REM rebound usually results from being extremely stressed or sleep-deprived, so it is an adaptive response to your daily life. However, it can also occur after someone stops regularly consuming drugs or alcohol, experiences depression, or has treatment for obstructive sleep apnea. 

Most people’s sleep-wake cycle will return to normal once they have made up their sleep debt. For some, this can take days or weeks, depending on the reason for the initial sleep disruption. 


One of the best ways to understand if you are oversleeping or experiencing too much REM sleep is to track your nightly rest and recovery. 

Polar sports watches feature sleep analysis technology, like Nightly Recharge™, which can give you a detailed understanding of your sleep stages each night. If you are experiencing too much REM sleep, it can also help you manage your stress if this is the cause.

It’s important to remember that fixing your inclination to oversleep isn’t achieved by reducing the number of hours you snooze but by sleeping better. You can achieve this by maintaining regular sleep and wake times, being mindful of your use of caffeine and alcohol, and creating a nightly routine to guide you into slumber.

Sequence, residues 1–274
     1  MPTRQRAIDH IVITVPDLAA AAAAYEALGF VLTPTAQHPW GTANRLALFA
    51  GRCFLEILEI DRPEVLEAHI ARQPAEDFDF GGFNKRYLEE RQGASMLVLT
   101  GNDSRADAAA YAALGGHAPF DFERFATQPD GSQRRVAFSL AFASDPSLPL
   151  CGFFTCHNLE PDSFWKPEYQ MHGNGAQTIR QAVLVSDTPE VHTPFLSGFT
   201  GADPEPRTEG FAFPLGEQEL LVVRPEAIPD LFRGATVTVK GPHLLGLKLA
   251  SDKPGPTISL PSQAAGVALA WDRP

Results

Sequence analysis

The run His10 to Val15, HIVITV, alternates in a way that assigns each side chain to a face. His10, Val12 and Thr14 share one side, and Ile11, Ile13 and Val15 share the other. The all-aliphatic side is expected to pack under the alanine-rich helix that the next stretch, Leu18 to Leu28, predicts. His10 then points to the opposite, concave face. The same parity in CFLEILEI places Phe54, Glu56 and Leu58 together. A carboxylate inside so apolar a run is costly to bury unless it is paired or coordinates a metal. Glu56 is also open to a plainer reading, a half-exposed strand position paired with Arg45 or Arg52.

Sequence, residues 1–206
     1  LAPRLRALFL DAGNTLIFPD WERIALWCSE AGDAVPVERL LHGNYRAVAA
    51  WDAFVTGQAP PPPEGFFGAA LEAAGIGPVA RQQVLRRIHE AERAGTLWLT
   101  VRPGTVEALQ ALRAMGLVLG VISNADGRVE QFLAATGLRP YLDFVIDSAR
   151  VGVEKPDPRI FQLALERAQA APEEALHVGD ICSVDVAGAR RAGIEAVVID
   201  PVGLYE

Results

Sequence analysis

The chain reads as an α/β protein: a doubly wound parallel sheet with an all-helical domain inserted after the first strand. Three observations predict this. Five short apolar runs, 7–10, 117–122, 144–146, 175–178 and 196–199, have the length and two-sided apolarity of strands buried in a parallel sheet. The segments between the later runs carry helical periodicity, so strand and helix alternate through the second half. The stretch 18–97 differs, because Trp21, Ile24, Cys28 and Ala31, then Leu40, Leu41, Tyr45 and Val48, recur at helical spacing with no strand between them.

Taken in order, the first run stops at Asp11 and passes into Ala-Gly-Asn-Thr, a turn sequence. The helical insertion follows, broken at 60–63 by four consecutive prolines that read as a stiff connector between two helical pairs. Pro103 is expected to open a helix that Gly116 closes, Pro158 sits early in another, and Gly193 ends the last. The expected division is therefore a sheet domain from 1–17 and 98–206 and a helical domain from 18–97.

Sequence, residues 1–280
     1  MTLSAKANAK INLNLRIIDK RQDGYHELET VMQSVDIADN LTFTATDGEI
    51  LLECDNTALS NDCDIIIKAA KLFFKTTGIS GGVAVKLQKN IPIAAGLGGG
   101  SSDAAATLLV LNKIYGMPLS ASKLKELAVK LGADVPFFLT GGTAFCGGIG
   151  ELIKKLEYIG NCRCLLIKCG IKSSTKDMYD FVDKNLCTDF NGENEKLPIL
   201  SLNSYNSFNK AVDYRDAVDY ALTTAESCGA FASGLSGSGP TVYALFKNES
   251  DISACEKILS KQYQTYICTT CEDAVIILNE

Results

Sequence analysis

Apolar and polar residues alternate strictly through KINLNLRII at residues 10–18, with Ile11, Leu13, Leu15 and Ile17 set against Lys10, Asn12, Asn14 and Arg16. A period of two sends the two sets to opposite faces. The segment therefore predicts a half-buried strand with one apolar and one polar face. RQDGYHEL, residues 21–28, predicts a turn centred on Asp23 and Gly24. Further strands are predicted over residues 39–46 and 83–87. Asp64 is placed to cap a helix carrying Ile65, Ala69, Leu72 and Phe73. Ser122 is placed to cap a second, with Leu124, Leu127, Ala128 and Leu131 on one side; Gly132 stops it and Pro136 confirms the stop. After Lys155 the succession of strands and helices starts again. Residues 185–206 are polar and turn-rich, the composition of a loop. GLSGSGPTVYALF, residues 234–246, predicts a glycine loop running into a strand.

The answer is yes – but it’s usually not something to worry about.

As we have discussed: 

  • REM, also known as “active sleep,” is the stage where your eyes move, your brain activity is intense, and you tend to dream a lot.
  • It is vital for mental and emotional recovery as it processes your short-term memories into long-term ones.
  • Most adults usually have around 90 minutes of REM each night, with most of it occurring in the last hour of your rest.
  • Less sleep usually means less REM.
  • Too much REM sleep usually occurs when you have been stressed or sleep deprived.
  • In extreme cases, it can cause REM rebound, where your body stays in this stage longer than usual, but your body will correct this over time.

Remember, tracking your rest is a great way to understand your sleep stages and manage your stress. Taking the time to understand the way you sleep will ultimately help you rest, recover and enjoy life more every day.